Chalkis (Euboea) 376 Chalkida - Χάλκις

Χάλκις - Chalkis, important Archaic to Late Antique polis at Chalkida in Euboia Central Greece
Hits: 376
Works: 105
Latitude: 38.464000
Longitude: 23.602000
Confidence: High

Greek name: Χάλκις
Place ID: 385236PCha
Time period: ACHRL
Region: Central Greece
Country: Greece
Department: Evvoia
Mod: Chalkida

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Read summary reports on the recent excavations at Chalkis in Chronique des fouilles en ligne – Archaeology in Greece Online.
Search for inscriptions mentioning Chalkis (Χαλκ...) in the PHI Epigraphy database.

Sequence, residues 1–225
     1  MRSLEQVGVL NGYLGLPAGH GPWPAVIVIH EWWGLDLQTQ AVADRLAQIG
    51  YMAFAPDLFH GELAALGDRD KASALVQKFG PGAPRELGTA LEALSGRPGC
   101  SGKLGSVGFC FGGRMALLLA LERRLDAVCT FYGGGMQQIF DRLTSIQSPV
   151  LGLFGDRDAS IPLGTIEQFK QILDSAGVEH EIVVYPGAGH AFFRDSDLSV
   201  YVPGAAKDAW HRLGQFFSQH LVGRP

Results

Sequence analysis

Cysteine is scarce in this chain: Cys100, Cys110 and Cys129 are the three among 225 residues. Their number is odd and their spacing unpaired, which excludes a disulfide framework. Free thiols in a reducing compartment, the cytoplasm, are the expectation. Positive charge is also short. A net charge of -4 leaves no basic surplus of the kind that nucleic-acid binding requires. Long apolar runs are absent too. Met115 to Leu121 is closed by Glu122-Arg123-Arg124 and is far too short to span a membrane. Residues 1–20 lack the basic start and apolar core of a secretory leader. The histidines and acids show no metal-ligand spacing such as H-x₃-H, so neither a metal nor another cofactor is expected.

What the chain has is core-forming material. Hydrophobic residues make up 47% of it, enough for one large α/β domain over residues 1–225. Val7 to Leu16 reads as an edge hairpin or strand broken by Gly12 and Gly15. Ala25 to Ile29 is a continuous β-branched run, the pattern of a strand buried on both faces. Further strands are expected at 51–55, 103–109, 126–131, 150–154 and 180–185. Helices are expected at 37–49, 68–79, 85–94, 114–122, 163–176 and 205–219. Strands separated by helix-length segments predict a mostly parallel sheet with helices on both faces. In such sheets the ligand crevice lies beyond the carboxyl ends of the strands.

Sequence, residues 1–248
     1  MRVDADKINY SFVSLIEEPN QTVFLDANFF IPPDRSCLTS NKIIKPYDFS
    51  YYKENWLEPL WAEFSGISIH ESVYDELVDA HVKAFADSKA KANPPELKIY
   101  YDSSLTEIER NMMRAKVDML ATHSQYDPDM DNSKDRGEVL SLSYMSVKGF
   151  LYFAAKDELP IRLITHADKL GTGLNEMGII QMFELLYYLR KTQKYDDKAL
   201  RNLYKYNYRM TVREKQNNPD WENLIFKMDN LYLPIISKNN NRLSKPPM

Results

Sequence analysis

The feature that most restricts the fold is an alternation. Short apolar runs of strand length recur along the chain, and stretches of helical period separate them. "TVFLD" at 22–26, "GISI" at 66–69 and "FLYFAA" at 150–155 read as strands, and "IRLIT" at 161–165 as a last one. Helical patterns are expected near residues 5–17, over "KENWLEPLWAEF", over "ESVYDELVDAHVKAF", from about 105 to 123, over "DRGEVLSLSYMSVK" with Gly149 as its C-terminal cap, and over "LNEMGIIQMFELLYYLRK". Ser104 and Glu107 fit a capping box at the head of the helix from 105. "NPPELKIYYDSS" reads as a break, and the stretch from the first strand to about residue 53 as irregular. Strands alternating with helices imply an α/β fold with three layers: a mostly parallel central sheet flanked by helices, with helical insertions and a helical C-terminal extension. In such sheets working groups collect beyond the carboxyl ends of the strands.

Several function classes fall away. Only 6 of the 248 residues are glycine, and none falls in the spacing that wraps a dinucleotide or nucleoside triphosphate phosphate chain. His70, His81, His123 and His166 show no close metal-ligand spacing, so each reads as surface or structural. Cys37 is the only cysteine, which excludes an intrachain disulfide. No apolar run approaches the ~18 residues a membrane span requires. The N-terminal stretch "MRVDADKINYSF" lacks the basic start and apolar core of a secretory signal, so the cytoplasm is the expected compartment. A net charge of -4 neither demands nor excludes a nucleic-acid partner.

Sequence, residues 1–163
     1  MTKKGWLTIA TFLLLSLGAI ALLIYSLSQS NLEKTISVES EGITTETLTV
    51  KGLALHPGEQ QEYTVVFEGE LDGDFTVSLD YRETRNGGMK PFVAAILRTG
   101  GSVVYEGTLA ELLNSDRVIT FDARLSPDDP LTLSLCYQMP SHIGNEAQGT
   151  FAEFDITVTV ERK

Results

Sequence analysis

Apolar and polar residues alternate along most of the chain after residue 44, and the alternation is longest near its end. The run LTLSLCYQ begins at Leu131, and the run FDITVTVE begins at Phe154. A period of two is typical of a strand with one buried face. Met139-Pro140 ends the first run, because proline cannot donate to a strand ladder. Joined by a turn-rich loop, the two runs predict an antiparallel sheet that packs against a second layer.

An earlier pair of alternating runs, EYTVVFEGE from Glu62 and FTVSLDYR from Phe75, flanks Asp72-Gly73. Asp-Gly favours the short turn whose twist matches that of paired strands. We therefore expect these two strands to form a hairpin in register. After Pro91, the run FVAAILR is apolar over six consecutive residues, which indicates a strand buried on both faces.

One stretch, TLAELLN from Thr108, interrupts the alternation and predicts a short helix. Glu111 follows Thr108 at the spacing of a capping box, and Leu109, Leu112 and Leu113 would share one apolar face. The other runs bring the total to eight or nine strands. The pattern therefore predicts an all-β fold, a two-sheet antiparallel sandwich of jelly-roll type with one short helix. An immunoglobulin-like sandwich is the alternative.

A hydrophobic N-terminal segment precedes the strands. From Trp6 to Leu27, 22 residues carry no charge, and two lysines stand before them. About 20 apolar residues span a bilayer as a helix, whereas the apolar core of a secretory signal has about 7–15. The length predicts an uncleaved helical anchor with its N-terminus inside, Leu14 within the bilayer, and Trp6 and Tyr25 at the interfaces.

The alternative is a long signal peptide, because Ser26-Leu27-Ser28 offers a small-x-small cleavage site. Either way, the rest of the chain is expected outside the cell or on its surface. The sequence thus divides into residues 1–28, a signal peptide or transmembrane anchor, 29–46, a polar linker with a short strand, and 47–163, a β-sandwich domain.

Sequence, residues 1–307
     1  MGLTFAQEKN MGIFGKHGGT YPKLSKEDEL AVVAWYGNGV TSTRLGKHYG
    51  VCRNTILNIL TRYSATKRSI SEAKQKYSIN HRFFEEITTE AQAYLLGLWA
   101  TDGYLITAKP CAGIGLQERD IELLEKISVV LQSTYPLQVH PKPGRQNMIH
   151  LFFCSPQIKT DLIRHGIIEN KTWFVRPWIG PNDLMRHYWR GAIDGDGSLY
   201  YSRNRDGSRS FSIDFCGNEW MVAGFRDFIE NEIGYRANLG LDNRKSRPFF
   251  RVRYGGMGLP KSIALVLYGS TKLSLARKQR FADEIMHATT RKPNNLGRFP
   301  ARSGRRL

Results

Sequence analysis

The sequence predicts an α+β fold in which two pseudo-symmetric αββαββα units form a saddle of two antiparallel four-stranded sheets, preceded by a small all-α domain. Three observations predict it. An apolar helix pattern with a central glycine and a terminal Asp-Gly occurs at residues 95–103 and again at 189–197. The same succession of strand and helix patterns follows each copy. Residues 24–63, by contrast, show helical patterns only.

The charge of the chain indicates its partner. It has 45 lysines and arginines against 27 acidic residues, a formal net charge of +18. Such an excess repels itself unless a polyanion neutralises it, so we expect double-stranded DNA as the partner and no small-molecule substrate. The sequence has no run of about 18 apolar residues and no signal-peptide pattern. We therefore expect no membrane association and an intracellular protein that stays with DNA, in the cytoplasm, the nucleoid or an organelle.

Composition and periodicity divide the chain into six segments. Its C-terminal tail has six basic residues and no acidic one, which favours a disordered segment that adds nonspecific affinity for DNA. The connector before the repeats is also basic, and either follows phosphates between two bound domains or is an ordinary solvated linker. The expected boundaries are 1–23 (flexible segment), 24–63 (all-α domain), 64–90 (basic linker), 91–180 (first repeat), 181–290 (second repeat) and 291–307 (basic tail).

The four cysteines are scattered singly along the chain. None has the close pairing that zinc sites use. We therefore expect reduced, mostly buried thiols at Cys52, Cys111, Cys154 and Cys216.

Modern Description: ‘Halkida' in demotic Greek, and ‘Negroponte' to the Venetians – is the capital of the nome of Euboea. Chalcis was throughout antiquity the chief city of Euboea. Its position, controlling the narrowest point of the Euripus channel and the principal crossing to the mainland (first bridged in 411 BC) with harbours both north and south of the city, destined it to considerable commercial importance. It is probable that the city's main economic resource was bronze-working and that the name Chalcis (from χαλκός, meaning copper) reflects the preeminence of that industry. Because of continuous subsequent occupation of the same site, little of the ancient city has survived: there are some remains from the Late Geometric period, but little is known of the exact whereabouts of the earlier Mycenaean city of the ‘big-hearted…Elephenor' and of his ‘swift Abantes' of which Homer speaks (Iliad II, 536-540). The city was a busy and influential commercial hub, handling and trading the raw materials produced in North and Eastern Greece and in the Black Sea area (timber, grain, salt-fish, precious metals etc.) which were headed to Athens, Corinth and the Peloponnese, against the finished products, pottery, and olive oil, which returned from those centres back up the same trade-routes. Chalcis did not just trade, however, it set about energetically securing the trade routes for itself by planting a wide diapora of colonies along them. Few Greek cities, in proportion to their size, could have given rise to a greater number of colonies than Chalcis – so many on the Macedonian peninsula between the Thermaic and Strymonic gulfs that the whole peninsula was called ‘Chalcidice' (mod. ‘[C]Halkidiki'). It also pushed far to the west in the Mediterranean, settling its inhabitants and interests in Sicily – at Naxos, and Messana (Messina) – and onto mainland Italy – at Rhegion (Reggio Calabria) and Cumae. Cities were often forced to colonise when their population became too great for the available resources or supply of fresh water at home; this can scarcely have been the case at Chalcis, and the instinct to colonise so extensively here must be put down to the remarkable ἐμπορικό πνεῦμα – the ‘entrepreneurial spirit' – of its citizens. Another defining element may have been the city's constant struggle with nearby Eretria (only 20 km away) for possession of the fertile Lelantine plain which lay between them. This was not just an idle local struggle but a bitter war which dragged on for decades in the second half of the 8th century BC, and involved a number of other Greek city-states as distant as Miletus (which supported Eretria) and Samos (which supported Chalcis). The outcome is not altogether clear, although Chalcis appears subsequently to have controlled the plain in the 7th century BC. The city's last king, Amphidamos, who was a contemporary of Hesiod, was killed in this struggle. Afterwards the government passed to the aristocracy (although Aristotle in his Politics cites a later tyrant named Phoxus, who is otherwise unknown.) After the city sided with Boeotia against Athens, in an attempt to reinstate the exiled tyrant Hippias, the Athenians overwhelmed the city in 506 BC, confiscated and settled clerurchs on their territory, dismantled their navy and took control of their Italian and Sicilian colonies. According to Herodotus, Chalcis contributed twenty ships in 480 BC to the Greek fleet at Salamis and its soldiers took part in the battle of Plataea. Demosthenes saw Chalcis as instrumental in extending Macedonian attempts to control Greece. The city was taken in 338 BC by Philip of Macedon, who settled a garrison on the mainland side of the Euripus. In the 2nd century BC it was largely under Roman control, and was attacked punitively in 146 BC (in the same year that Corinth was also razed by the Romans) for disloyalty during the struggle between Rome and the Achaean Confederacy.